Why TcpCatcher is useful to a developer?
Today, all applications are made of a client program communicating with a server. If the burden of the network plumbing is indeed taken in charge by modern frameworks, when things go wrong, it is very efficient to have a look at what is going on at network level. The developer will get quickly a deep understanding of the situation.
Because HTTP protocol is now being used everywhere (WebServices, RSS feeds, REST and AJAX architectures, etc..) TcpCatcher has put a special focus on HTTP support.
Why would I want to interfere in a client-server communication?
Sometimes when you encounter a buggy client-server communication you can save a lot of time by simply trying to change the packet at network level rather than trying to modify, recompile and run client or server program again and again.. Sometimes also you just do not have access to server source code or you want to confirm an hypothesis. Remove or add an HTTP header, detect and remove an extra invisible char inside a tcp packet, remove or add an xml node, etc.. all of that can be achieved very simply with TcpCatcher.
TcpCatcher can also be used in order to perform a security audit, allowing you to send handy forged requests to see how a server will react. See Workshop 8.
Since TcpCatcher is written in java, you will need a java Runtime to run it.
For those who know a bit of java, custom plugins written in java can be provided to TcpCatcher.
See workshops 3 and 4
Is TcpCatcher a transparent or non-transparent proxy server ?
By default, TcpCatcher is a none-transparent proxy server and the client needs to set up a proxy configuration (for Windows Internet Explorer and Chrome users, this set up is done automatically). See how to configure your browser.
You may also use TcpCatcher as a transparent proxy server (ie the client is not aware that there is proxy in the middle), but you will have to redirect traffic at lower network level towards TcpCatcher see Workshop 12
How can I avoid TcpCatcher running out of memory ?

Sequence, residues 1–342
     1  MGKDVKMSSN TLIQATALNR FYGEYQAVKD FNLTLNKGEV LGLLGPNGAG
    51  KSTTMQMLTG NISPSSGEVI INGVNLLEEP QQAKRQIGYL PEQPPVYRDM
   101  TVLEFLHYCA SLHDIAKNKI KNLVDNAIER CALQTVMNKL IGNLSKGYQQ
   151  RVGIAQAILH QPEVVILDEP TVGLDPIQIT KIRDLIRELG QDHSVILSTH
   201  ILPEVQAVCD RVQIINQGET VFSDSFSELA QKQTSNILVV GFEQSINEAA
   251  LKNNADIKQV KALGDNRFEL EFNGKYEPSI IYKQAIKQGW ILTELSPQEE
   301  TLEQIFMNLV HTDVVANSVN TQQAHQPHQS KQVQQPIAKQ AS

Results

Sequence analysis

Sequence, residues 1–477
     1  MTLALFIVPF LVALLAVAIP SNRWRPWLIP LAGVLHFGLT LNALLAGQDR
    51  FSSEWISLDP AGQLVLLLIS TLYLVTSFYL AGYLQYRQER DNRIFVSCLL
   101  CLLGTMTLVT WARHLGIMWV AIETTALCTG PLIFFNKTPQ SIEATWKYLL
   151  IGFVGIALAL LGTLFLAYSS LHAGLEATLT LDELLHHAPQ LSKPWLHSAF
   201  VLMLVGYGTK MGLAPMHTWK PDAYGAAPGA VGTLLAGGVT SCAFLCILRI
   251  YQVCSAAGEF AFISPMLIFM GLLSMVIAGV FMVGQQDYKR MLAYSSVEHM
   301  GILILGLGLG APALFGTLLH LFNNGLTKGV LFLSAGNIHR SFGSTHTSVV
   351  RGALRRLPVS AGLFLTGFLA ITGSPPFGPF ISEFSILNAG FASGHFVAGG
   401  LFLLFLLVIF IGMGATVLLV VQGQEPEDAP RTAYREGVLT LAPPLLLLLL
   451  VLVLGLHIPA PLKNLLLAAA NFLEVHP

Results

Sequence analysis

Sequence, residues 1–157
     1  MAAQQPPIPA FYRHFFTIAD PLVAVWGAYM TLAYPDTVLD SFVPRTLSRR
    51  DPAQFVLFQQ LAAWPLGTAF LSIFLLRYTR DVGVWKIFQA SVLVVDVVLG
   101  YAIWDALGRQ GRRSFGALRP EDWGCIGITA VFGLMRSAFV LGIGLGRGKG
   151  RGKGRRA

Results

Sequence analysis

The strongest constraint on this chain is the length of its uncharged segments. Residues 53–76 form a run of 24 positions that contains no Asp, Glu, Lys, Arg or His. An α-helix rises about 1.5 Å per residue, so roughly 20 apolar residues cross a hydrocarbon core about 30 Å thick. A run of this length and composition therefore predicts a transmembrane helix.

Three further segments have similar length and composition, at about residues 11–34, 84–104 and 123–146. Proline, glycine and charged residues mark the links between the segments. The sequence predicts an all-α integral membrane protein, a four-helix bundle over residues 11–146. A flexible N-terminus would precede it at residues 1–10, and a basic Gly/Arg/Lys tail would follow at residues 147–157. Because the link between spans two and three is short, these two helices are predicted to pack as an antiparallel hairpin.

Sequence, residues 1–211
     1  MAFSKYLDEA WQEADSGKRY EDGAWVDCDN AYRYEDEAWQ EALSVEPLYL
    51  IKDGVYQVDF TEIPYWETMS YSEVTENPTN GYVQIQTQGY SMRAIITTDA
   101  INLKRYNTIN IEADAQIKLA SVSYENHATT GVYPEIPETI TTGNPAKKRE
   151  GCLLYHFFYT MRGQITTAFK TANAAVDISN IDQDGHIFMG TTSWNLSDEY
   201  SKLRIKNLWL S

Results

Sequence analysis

TcpCatcher will keep in memory packets up to the limit you set up. In order to capture a lot of traffic without running out of memory, you can increase its maximum memory for example to 1 Giga Bytes starting it this way :
java -jar -Xmx1g TcpCatcher.jar
How can I monitor a communication between an existing java client program and a remote web server ?
Just add those extra JVM proxy options when launching your client program to redirect its outgoing traffic toward TcpCatcher -Dhttp.proxyHost=HostwhereTcpCatcherisRunning -Dhttp.proxyPort=TcpCatcherPort See workshop 6
I am already accessing the internet through a corporate proxy, how can I monitor this HTTP communication ?
Check the 'Target corporate web proxy' checkbox in the main settings panel or add those extra JVM proxy options when launching TcpCatcher in order to redirect outgoing traffic toward your corporate proxy (and keep defaults settings)
java -jar -Xmx1g -Dhttp.proxyHost=corporateproxyhost -Dhttp.proxyPort=corporateproxyport TcpCatcher.jar
For Windows users, this configuration is automatically detected and set up.
How could technically TcpCatcher be able to monitor SSL communications from remote clients towards remote servers since it is end to end encrypted ?
TcpCatcher is going to run its own SSL severs in the middle (using on the fly generated X509 certificates) so there is going to be two SSL handshakes and two SSL communications. In order, to make it fully transparent for the client application, you just have to add once TcpCatcher AC Root Certificate into the client truststore. See workshop 11. You are advised to remove this AC Root Certificate from your trustore once you have finished using TcpCatcher.
How to uninstall TcpCatcher ?
TcpCatcher does not install anything on your pc. In order to stop using TcpCatcher you can just remove the TcpCatcher jar file. Just make sure you have switched back to your usual proxy settings from your browser's network settings panel (typically you would set them back to 'No proxy'). For Windows users, TcpCatcher becomes automatically your default system proxy at startup, and restore you settings when closing. If you shutdown violently TcpCatcher (for instance killing the process), you may need to restore your proxy settings manually.
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